ProMIS™ Neurosciences, Inc., headquartered in Toronto Ontario, and with offices in Cambridge Massachusetts, is publicly traded on the TSX (ticker symbol: PMN.TO). As a development stage biotech company ProMIS’ mission is the discovery and development of best in class precision therapeutics for treatment of neurodegenerative diseases, in particular Alzheimer’s disease (AD) and amyotrophic lateral sclerosis (ALS).

ProMIS has developed a rigorous screening and validation process to select the best products to develop among our emerging portfolio of precision therapeutics for Alzheimer’s and ALS. As shown in the figure below, the process starts with identifying specific targets (epitopes) on the prion forms of misfolded proteins, known to play a causative role in the development and progression of AD and ALS. ProMIS uses its proprietary technologies, ProMISTM and Collective Coordinates, to identify these targets. Specific murine monoclonal antibodies (mabs) are raised against these targets and evaluated in a 3-step process, to identify the best products to take into clinical development.

Initial Screening for Binding. This phase allows to identify mabs that bind uniquely and specifically to the prion strains of the misfolded proteins driving AD (Amyloid beta and Tau proteins) and ALS (SOD1 and TDP43 proteins). The top candidate products, showing selective binding to the prion forms and no binding to the non toxic forms, are selected for the validation phase in human tissue

Functional Assays & final product selection.
Two complementary assays are used to identify, among the validated product candidates, those that demonstrate blocking of neurotoxicity (blocking the killing of neurons, a hallmark of disease) and inhibition of propagation (spreading throughout the brain) of the prion-like strains of misfolded protein (also a hallmark of disease). Validated product candidates meeting these criteria will undergo final testing to confirm that they block neurotoxicity in an acute animal model.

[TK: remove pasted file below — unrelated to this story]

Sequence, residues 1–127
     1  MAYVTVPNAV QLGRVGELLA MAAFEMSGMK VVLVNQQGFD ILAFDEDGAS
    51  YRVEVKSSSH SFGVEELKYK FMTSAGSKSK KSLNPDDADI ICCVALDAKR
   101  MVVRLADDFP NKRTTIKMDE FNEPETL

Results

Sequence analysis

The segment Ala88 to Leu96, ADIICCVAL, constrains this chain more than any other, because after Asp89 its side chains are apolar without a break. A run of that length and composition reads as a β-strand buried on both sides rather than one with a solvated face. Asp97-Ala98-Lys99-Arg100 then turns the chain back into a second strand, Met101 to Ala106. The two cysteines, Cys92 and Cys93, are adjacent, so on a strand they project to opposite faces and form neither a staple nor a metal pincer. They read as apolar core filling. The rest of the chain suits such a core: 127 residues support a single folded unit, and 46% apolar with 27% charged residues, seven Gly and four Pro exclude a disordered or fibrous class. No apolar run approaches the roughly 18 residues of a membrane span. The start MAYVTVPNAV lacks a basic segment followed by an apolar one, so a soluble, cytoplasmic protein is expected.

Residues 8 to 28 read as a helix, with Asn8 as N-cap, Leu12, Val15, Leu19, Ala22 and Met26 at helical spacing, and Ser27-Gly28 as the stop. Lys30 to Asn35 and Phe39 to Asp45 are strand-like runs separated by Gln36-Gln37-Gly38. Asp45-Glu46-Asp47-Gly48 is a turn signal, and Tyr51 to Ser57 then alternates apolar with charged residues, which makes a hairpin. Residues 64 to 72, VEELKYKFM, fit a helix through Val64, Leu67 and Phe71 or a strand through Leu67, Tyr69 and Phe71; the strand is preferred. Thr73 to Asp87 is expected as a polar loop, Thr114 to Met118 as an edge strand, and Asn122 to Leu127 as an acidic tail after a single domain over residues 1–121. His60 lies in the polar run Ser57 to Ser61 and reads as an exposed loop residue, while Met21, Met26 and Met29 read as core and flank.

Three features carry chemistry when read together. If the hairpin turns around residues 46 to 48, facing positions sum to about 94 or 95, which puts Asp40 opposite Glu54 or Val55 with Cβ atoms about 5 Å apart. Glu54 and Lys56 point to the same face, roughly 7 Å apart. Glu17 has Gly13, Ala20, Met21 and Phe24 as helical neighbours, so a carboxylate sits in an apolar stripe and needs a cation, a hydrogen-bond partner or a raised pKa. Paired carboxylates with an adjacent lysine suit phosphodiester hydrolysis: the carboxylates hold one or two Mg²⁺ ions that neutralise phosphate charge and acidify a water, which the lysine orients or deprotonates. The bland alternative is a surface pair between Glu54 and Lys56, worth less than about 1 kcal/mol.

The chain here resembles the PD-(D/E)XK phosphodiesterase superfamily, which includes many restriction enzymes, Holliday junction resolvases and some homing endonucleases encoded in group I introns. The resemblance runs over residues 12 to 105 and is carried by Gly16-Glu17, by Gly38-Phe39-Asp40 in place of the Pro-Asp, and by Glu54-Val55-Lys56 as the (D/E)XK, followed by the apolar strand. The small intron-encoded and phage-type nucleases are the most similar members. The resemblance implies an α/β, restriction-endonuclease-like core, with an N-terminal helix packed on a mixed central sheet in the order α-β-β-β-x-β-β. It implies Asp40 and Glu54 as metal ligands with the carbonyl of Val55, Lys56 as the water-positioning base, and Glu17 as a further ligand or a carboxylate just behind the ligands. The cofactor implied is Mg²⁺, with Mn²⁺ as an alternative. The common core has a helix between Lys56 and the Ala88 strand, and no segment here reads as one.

The neuroprotective effect
of product candidates for AD is investigated in a in a memory-behavior test called novel object recognition. Injection of prion-like forms of Amyloid beta (also called toxic soluble oligomers) into the brain of mice causes a neurological deficit that can be assessed. Normal mice exposed to an object remember the familiar object when re-exposed to it and spend more time exploring a newly introduced object. In contrast, mice injected with toxic Amyloid beta oligomers lose the ability to discriminate between known and novel objects and spend equivalent amounts of time exploring both.
Validated product candidates that successfully prevent the cognitive decline (loss of short-term memory formation) caused by toxic oligomers in this setting have now passed through the final hurdle for selection as “lead products for development”. Two ProMIS mAb products, PMN310 and PMN350, each addressing a different target on toxic forms of Amyloid beta, have to date successfully reached this milestone, and have been designated lead AD products for development.

Alzheimer’s Products.
ProMIS has identified multiple product candidates against five unique targets on misfolded strains of Aβ that have successfully passed the screening phase. Among these, five lead antibodies, along with several backup candidates, have been confirmed with the ideal target binding profile in brain tissue and CSF from AD patients. In addition, ProMIS is currently raising mab product candidates against a sixth unique misfolded Aβ target. Finally, ProMIS is in the process of initiating identification of unique targets on toxic strains of Tau protein.

ALS Products.
ProMIS ALS portfolio consists of three anti-SOD1 mab products that are fully validated and confirmed in multiple functional assays, showing blocking of both the neurotoxicity and the propagation of prion-like strains of misfolded SOD1 in familial and sporadic ALS. In addition, ProMIS is initiating the process to identify unique targets on toxic, misfolded strains of TDP43.

Harnessing the power of precision medicine to conquer Alzheimer’s disease.